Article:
The backstory is rich and complicated, but suffice it to say this: Matt Dibley died two years ago in July. Not long after, people started finding dimes, as can be the case when someone dies and the living are more tuned in to spiritual activity. Sometimes the dead leave feathers, sometimes they present as a bird or a butterfly.
We all know it’s true: life is a journey filled with fast lanes, traffic jams, breathtaking vistas and ugly roadside motels. What that journey isn’t filled with is dead ends and U-turns. There’s no going back in this long, strange trip—only forward, and this week’s bio comes from a Charlotte woman who, after feeling as though her time here in our little town had run its course, took a deep breath and found that it isn’t the physical place that fulfills but how to occupy that place.
This February I was diagnosed with early stage, highly treatable breast cancer. I will be fine after the treatment, which began in earnest two weeks ago. In my case, cancer comes with an incredible village of friends who want to help me through this.
A goal I had in visiting Cuba was to discover, as best one can in 11 days, how the Cuban people feel about Fidel and Raul Castro, whose socialist government has ruled Cuba for nearly 60 years. Much like Americans today, Cubans are deeply divided in their views and in whether and how they would like their government to change.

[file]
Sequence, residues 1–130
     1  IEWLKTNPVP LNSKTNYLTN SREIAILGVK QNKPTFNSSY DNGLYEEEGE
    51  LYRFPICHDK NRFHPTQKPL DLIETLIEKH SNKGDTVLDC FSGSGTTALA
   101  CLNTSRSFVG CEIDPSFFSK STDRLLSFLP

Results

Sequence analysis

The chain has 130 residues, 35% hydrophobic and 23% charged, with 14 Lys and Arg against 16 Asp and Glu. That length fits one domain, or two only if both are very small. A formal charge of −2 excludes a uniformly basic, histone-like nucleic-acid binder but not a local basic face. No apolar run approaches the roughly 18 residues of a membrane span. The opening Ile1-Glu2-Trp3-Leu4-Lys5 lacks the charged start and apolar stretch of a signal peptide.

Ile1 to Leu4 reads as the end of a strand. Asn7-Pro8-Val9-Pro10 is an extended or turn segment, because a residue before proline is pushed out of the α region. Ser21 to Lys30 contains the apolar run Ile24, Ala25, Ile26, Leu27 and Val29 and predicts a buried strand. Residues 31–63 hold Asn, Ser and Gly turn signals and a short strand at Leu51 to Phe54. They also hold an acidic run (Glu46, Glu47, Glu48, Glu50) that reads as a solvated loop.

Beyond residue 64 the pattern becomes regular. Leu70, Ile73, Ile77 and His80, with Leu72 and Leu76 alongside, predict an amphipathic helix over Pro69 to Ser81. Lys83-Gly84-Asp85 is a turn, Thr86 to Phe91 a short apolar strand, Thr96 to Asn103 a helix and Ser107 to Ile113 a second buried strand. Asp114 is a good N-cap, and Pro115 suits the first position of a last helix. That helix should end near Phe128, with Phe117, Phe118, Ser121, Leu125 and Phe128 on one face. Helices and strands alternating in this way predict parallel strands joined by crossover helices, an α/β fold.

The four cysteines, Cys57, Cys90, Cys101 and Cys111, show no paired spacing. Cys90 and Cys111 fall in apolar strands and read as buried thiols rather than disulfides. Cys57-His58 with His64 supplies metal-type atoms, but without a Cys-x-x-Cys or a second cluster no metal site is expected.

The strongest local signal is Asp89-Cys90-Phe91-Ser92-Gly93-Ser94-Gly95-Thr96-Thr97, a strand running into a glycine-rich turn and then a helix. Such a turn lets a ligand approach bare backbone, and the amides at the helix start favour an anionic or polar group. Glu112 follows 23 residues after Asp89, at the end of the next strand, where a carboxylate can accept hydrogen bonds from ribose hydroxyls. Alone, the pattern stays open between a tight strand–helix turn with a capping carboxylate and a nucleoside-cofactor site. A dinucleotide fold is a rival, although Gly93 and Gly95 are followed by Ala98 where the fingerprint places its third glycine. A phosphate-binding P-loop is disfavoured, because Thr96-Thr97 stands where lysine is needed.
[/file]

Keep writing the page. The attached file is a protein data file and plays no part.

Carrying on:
My Grandmother Hiles and Auntie Pasco, her companion of 50 years, were inveterate travelers in the early 1900s. A worn postcard recently surfaced, written to father in spidery handwriting from his mother: “Unable to attend your Yale graduation. We’re riding camels in the Gobi Desert. Hope to catch up eventually.”
There is an old sugar maple outside our house with a lower branch that reaches out over the lawn. It is a perfect structure in many ways, stately and well-formed. I pamper this tree by enforcing No Parking near its root system and only tapping it for sap every few years.
My husband, John, and I paused on Park Avenue in front of Mr. Saitys’ store with its enticing American Indian and Tibetan jewelry. I pressed the buzzer and Mr. Saity unlocked the door. He welcomed us as if we were former friends, although we’d never met, and began sharing the history of his jewelry. He took a prominent piece from a case.
In the early evening, the five of us gathered in the still steamy plaza to enjoy a last dinner together. Our table was littered with plates of sautéed peppers, vinegary bocherones, fried calamari and glasses of vino verde.